Alphard eWheels is a David, pure and simple.

In golf’s David versus Goliath battles, it’s usually a bad idea to bet on David. He may notch a few early wins but Goliath has the deeper pockets. And that never bodes well for ol’ Davey.

But if you’ve been following some of our business stories, you know that every once in a while there’s a David that doesn’t know when to quit. You’ve read about Karsten Solheim and the PING Anser as well as the Lamkin family story: both Davids that beat the odds. Alphard eWheels is also a family business and its unique Club Booster V2 is definitely making some noise.

The good news is that Alphard is a David in an emerging segment of the golf business. That means there are no Goliaths. Not yet.

But what Alphard does have is a unique niche, a clever product and a young owner intent on seeing his vision through.

Alphard eWheels

Alphard eWheels and the Electric Trolley Revolution

We’ve written extensively on the electric trolley revolution in North America. The last two years have turbocharged that revolution to the point where an electric trolley, also called an electric pushcart, is no longer an oddity.

A curiosity, maybe. But not an oddity anymore.

Market leaders such as Motocaddy, PowaKaddy, MGI and Stewart provide you with the full experience with all the extras you could want, from a remote control and built-in GPS to follow-along capabilities or regular power-assist.

Alphard founder Alex Tse, however, sees the market a little differently.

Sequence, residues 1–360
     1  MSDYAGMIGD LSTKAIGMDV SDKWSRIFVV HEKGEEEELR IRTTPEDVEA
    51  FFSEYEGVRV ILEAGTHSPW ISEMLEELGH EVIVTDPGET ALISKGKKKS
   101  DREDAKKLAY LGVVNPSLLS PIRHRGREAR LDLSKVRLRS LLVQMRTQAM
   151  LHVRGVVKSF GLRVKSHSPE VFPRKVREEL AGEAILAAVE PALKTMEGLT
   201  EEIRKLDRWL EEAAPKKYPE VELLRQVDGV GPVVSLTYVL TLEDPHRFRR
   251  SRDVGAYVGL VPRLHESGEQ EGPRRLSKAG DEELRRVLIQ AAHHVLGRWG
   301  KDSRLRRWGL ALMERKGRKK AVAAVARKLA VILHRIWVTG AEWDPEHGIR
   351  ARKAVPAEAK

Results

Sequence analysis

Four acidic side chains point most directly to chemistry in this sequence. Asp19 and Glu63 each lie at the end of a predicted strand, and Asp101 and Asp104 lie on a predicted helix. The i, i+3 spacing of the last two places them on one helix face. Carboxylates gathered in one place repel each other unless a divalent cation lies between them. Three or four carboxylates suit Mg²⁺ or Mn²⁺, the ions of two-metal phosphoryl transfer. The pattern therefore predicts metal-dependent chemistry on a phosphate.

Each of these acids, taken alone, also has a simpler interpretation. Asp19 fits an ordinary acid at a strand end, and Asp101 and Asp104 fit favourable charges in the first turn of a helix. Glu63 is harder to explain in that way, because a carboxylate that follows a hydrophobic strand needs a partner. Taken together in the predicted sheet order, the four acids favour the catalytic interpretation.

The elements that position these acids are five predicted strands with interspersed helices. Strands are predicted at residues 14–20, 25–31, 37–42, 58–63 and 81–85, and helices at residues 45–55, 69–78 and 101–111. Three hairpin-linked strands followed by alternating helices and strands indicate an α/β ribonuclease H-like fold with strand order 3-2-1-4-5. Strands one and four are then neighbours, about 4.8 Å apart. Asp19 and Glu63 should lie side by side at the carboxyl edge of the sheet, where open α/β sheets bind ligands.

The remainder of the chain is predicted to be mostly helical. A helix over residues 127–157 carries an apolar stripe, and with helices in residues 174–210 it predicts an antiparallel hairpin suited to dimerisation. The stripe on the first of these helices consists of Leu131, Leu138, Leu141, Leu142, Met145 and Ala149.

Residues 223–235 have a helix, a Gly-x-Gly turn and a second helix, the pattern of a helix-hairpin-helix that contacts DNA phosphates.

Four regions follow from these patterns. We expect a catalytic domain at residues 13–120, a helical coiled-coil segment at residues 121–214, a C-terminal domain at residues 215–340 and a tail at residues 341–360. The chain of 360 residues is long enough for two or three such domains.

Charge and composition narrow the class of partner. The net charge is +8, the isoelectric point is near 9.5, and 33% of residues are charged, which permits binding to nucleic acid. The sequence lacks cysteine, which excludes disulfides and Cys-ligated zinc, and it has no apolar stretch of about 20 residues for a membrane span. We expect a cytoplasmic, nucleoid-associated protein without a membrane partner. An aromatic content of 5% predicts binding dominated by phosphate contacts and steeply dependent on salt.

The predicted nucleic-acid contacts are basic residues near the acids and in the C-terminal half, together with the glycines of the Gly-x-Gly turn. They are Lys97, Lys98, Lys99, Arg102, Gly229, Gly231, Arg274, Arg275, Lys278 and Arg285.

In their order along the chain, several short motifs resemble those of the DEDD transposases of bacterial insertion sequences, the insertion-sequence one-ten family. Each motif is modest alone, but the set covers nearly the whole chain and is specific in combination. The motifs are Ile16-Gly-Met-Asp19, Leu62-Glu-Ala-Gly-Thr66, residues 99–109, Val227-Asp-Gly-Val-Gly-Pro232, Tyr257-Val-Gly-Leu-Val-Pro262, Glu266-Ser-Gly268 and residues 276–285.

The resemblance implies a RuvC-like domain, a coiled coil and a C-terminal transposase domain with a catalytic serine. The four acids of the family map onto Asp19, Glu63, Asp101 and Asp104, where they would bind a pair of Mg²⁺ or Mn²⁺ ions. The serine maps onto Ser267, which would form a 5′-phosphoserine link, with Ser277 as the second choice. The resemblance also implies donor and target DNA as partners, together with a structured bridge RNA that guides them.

“We don’t want to add anything unnecessary to the golfer’s experience,” he says. “We’re going to keep it simple.”

Tse and Alphard have carved out an interesting niche in this new revolution. Instead of offering the full electric monty, Alphard gives you just the rear wheels. Alphard’s Club Booster V2 is a set of battery-powered wheels that turn your old-fashioned pushcart into a modern remote-controlled electric caddie.

In retrospect, eWheels is one of those stunningly simple ideas that makes you wonder why nobody thought of it before. And if you trace it back, the idea probably goes all the way back to Back To The Future.

Alphard and the Hoverboard

Alphard, eWheels and the Club Booster are very much Tse’s baby. But his family actually got started in golf back in the late ‘90s.

“My father was an engineer and owned a manufacturing plant that had nothing to do with golf,” says Tse. “He made highway signs and some consumer products.”

Tse was still a kid when his father was approached by Sun Mountain Sports.

Alphard eWheels“We made the original Speed Cart for Sun Mountain Sports,” he says. “It was the first three-wheeled cart at the time. It was a Sun Mountain design, and my dad took it on as an OEM project. We’ve manufactured over a million pushcarts since 1999.”